Rally supports transgender community
Event takes place in protest of Trump's military position
A group of about 100 Grand Valley residents gathered in the rain on the steps of the Wayne N. Aspinall federal building in Grand Junction Thursday evening, to show their support of the LGBTQ community and their anger at President Donald Trump’s recent tweet disallowing the service of transgender people in the military.
“I think the rain is kind of apropos for how we feel today,” said Grand Junction City Councilor Chris Kennedy, explaining that the LGBTQ community — lesbian, gay, bisexual, transgender and queer — and its supporters feel gloomy that their government representatives aren’t listening to them.
The crowd — diverse in age, race and gender — stood quietly under colorful umbrellas, some holding up American flags or signs either calling for LGBTQ justice or attacking President Trump.
Kennedy rehashed Trump’s tweet and the hubbub that followed, then read the military code of conduct, which ends with, “I will trust in my God and in the United States of America.”
“Wouldn’t it be refreshing to see United States officials live by that same code?” Kennedy said.
Kennedy was the second of five people who spoke at the rally. Other speakers included the mother of a transgender son, a woman who started one of the first LGBTQ support groups in Mesa County, and a reverend from the First Congregational United Church of Christ.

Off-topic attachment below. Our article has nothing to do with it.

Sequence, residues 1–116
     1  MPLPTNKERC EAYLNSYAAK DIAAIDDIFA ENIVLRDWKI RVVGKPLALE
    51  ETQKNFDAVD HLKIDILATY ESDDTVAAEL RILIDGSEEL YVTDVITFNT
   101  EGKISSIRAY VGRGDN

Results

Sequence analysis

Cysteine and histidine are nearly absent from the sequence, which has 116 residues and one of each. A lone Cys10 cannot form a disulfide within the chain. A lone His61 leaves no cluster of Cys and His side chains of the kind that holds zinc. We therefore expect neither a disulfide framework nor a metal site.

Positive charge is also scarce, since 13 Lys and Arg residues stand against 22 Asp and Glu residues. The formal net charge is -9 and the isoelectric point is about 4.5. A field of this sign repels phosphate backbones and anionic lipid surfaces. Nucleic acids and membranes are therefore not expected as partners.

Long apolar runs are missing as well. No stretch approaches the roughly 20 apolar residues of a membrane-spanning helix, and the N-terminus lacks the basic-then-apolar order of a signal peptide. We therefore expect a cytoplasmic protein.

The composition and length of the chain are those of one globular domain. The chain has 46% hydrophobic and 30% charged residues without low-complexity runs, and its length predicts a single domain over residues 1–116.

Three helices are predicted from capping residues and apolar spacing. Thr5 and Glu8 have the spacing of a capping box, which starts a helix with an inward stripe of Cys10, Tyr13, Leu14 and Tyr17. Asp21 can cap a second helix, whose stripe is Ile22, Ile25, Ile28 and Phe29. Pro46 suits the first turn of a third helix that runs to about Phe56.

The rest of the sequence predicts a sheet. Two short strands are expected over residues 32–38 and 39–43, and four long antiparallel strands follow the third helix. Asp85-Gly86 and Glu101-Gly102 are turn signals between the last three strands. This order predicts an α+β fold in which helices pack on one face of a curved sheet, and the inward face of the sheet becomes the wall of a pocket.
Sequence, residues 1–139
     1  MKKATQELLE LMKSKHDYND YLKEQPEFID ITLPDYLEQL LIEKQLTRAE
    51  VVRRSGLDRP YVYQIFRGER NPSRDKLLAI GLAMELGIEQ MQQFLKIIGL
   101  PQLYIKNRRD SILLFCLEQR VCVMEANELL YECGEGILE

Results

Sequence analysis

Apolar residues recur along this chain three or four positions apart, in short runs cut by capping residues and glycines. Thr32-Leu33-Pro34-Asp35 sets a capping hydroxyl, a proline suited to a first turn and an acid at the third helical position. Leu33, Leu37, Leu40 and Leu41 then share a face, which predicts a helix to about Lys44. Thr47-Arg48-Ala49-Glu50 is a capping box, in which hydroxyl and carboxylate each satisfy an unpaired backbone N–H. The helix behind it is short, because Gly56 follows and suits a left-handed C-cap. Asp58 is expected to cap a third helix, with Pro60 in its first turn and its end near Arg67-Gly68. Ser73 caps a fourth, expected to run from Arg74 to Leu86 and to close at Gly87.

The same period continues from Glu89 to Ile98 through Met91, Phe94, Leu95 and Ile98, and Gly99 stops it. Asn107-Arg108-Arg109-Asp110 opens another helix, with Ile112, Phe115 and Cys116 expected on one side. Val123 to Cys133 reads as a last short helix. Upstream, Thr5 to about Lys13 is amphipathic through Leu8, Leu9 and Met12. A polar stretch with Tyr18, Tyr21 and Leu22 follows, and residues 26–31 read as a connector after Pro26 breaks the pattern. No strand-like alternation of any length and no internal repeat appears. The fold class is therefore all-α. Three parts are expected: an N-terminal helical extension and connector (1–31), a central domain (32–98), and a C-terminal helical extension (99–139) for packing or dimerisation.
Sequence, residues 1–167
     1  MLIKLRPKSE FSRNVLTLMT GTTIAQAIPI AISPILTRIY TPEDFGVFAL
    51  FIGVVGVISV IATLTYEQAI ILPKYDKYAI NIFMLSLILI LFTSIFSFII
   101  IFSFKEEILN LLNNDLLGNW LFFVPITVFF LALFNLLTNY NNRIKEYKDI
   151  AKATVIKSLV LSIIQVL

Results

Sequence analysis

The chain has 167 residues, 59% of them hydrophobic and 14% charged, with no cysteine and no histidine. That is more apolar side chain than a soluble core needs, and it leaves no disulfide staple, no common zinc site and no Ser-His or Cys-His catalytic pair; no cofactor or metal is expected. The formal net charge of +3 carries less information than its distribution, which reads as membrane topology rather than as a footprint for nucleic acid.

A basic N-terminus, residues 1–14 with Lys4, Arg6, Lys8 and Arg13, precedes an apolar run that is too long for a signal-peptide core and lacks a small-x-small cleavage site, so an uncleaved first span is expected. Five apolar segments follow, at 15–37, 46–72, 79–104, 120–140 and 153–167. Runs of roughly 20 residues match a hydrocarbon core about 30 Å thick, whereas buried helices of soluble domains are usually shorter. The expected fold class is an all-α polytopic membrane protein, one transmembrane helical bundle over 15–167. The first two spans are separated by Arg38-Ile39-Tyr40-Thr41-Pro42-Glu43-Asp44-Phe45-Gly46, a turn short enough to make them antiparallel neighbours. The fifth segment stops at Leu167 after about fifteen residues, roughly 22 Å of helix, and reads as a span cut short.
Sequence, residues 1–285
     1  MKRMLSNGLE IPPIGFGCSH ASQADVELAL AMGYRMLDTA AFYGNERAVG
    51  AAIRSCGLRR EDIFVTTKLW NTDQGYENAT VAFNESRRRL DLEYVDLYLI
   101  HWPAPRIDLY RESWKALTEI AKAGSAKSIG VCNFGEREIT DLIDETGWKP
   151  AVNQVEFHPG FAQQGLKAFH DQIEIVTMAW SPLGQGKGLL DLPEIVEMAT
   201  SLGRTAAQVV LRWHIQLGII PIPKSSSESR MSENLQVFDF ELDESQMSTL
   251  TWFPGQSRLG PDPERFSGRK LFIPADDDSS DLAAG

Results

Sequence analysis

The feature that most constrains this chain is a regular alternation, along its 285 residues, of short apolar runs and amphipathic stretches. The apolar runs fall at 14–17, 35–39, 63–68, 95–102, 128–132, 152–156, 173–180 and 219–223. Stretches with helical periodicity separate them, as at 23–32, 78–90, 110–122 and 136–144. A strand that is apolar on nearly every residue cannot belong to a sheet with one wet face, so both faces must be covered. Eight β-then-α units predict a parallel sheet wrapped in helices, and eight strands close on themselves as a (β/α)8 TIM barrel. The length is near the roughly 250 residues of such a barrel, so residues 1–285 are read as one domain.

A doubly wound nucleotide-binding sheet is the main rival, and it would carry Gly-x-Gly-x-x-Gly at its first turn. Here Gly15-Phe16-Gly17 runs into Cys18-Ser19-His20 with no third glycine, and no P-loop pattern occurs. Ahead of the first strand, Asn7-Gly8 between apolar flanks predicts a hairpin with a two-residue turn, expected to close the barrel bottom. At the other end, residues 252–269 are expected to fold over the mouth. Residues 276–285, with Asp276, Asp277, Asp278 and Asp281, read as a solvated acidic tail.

They spoke to how LGBTQ justice intersects with family, friends, God and patriotism.
The reverend, Jeffrey Dodson, read from the Declaration of Independence and told the crowd, “You matter!” He offered advice to his audience about actions they can take at work, church or school to make those environments more inclusive.
One member of the crowd was Jennifer Miller, 57, who will begin a professorship at Colorado Mesa University this fall, teaching psychology and LGBT studies.
When asked why she attended the rally, Miller said she was “shocked and horrified by what Trump said,” and, “It can’t be left to stand.”
Another attendee was Gina Lineal Mangruem, a local seamstress and entertainer who’s transgender. Mangruem said she has been busy and wasn’t going to go to the rally, but her husband talked her into attending.
“Being trans in Grand Junction, it’s important to show up,” Mangruem said. She added that she would have liked to see more of a turnout at the event.
“If we could weather the storm, so could they,” Mangruem said of the no-shows.
The event was organized by Heidi Hess from the LGBTQ advocacy group One Colorado. Hess said “people are outraged by that tweet from the president.”
She put the rally together as a reaction to the tweet to show, “This is not OK — not in my country and not in my town.”